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I have been to many a festival in my life, but strangely never managed to visit WOMAD until this past weekend (27. – 30. July 2017). Of course WOMAD has always been one to go to and I don’t know why I’ve never managed before. It certainly wasn’t their reputation or the choice music.

Impressions of my first WOMAD:
To sum it up in one sentence: “What a fabulous festival!
This is a festival for everybody. Comparing it with the big UK-festivals the WOMAD crowd were not all totally wasted for the whole weekend nevertheless the mood was extremely friendly! Even the torrential rain on the Saturday evening didn’t change that. Hats off to everyone who endured the wet – I guess the good music helped! What really surprised me was how nice the security staff were, too. I have had festivals where you were treated as “the enemy” and security opened tents and summoned up festival goers like some totalitarian police force. Not at WOMAD! Staff couldn’t have been friendlier and it’s those seemingly small things like a smile and a joke that add up to a festival that is truly great.

I also like the fact that the festival concentrates on Music, us being timbageek and all, rather than visuals and the abundance of big screens televising what’s happening on stage. It was music and it really made me – simply happy. I found myself listening with eyes closed quite a few times over the weekend. The programming worked quite well personally speaking too and most of the artists I wanted to see played at different times and stages. The “arena” area wasn’t too big, which made it easy enough to walk between stages and tents and not miss any of the bands/performers. At the bigger festivals it’s often a case of either seeing this or that, not this and that, because the stages might be too far away from each other.

So here’s the real low down on the bands and artists I was honoured to see.

First let me set your expectations: I am not someone who knows a lot of different bands or music performers. I know the ones I know, well and I have a broad taste in Music. As a musician myself I have a classical background and through this background I got into Prog-Rock in the 70’s and 80’s, followed by just Rock, than Jazz, than everything electronic followed by a few select Jazz musicians. The taste in electronic brought me to Chill-Out music and consequently the world music aspect of Chill-Out – later I also listened to folk and music from around the world so as this is WOMAD and world music it is on the table here that is the focus of this review.

Listening to everyone on the bill on You Tube I came up with a list of 40 bands I wanted to see at the weekend. Of course it’s never possible to see everything and I had 6 or 7 bands I REALLY wanted to see and the others if I could. It’s also important at a festival to listen to some performers you don’t have on your “must-see” list, because you never know what you might discover.

Here’s my day – to – day diary:
Thursday: was mainly speny setting up the tent, parking the car, getting organized or familiarized with the festival area and seeing who’s about. I was lucky enough to bump into some good old friends just by change and we started the festival on Thursday evening at Molly’s Bar. Molly’s Bar seemed to me like the “Bimble-Inn” (http://www.bimbleinn.com) of WOMAD. A stage with it’s own bar is always good and you don’t have to walk and find the next bar while listening to music.

Friday:
The Orchestra of Syrian Musicians (members of…)
Although I think there are too many bands that use the term Orchestra in their name, this was actually a REAL Orchestra, or part of it.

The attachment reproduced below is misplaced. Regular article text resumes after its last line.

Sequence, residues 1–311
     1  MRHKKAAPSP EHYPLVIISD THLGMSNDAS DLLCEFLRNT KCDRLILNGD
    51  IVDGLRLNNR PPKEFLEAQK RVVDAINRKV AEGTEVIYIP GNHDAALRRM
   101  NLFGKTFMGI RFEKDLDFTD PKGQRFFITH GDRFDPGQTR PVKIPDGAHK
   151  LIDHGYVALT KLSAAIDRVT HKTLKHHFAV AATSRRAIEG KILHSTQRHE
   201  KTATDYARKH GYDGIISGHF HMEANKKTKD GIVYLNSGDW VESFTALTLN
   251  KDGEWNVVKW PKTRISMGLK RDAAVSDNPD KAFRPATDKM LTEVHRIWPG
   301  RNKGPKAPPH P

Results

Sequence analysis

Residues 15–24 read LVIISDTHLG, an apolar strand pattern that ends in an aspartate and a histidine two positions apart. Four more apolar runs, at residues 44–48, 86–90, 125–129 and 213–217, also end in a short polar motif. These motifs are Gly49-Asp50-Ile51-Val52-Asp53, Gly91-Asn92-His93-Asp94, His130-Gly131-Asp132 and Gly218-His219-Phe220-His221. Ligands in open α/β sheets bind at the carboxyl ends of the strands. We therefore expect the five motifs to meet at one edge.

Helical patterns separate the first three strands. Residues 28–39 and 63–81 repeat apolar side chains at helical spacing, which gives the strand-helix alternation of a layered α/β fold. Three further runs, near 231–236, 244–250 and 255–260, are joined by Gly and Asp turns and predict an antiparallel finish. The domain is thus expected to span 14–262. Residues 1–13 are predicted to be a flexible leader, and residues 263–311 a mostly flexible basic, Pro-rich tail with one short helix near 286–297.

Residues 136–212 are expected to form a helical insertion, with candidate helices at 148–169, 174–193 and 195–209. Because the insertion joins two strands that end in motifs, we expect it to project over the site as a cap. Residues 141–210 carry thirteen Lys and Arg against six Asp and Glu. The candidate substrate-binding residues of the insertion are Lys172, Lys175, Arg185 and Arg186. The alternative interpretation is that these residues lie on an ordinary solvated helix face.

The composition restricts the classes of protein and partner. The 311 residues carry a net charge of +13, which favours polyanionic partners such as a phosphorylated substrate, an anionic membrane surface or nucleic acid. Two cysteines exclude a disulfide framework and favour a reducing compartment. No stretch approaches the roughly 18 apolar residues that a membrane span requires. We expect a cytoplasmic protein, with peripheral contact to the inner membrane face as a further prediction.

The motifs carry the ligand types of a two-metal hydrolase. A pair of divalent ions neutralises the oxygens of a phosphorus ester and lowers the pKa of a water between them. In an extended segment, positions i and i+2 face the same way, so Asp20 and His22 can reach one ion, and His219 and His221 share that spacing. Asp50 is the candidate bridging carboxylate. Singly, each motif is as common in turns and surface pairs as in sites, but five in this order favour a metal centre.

Despite all of the bad things going on in their country, the musicians of the orchestra seemed very happy to play and perform a mixture of middle Eastern rhythms and classical sounds.
As the Band name says: “Members of… – not the full orchestra. One could only imagine the full sound of the complete orchestra and wishes that the terrible war in Syria will stop soon and people can get back to some sort of “normal” life, however much that is possible after a long war and in a place with little infrastructure left.
Watching this performance made me a little bit sad and I tried not to think of the struggles the “Members of…” this orchestra have gone through in the past years. A very enjoyable gig and a great start to the festival.

Maarja Nuut with Hendrik Kaljujärv
Maarja’s music was just right for the Ecotricity stage and the Friday afternoon. She’s a great violin player and knows how to use the Loop-pedal to her advantage. The soundscapes she has created together with Hendrik were very nice and mellow. But I really enjoyed her story telling. What a treat!

Alsarah and the Nubatones
I haven’t heard or known about Alsarah before and after reading the description in the festival program I decided to see this gig. I didn’t regret one minute of it. The three musicians and two vocalists created a magical set full of interesting new sounds and rhythms. Alsarahs voice is so great that there are no words (yet) to describe it. I wish that sometimes she would’ve sung in English and being from New York I somehow expected some English songs. This is a band whose album I will certainly buy.

Goat
Goat were interesting to watch in their Goat-costumes. They were one of those bands that you stumble across at a festival. Hugely entertaining, even though the music wasn’t 100% to my taste…. But I did explain before, that my musical taste is somewhat different.

Blue Lab Beats
Wow – Wow – Wow. Blue Lab Beats! I was totally blown away by them. Not only did they play in the Bowers & Wilkins Sound System Tent, but these two boyz from London really managed to fuse Grime & Jazz to perfection.
I assume the stage technology comprised of a drum machine programmed live and sync’ed to a Looper into which they recorded bass, guitars and keyboards and playing another Live track on top of all that. This is really what it’s like when great musicianship meets great programming talent. I can’t praise these guys enough.

After Hours
We ended up in Mollys Bar again later in the evening on the Friday and stumbled across After-Hours. Here is what it says on the tin: The After Hours Electro Swing Band are a 21st century anomaly – a collective of loveable rogues hell bent on redefining live dance music. And I couldn’t agree more. Quite the right music to dance along to. Great entertainment!

Xåos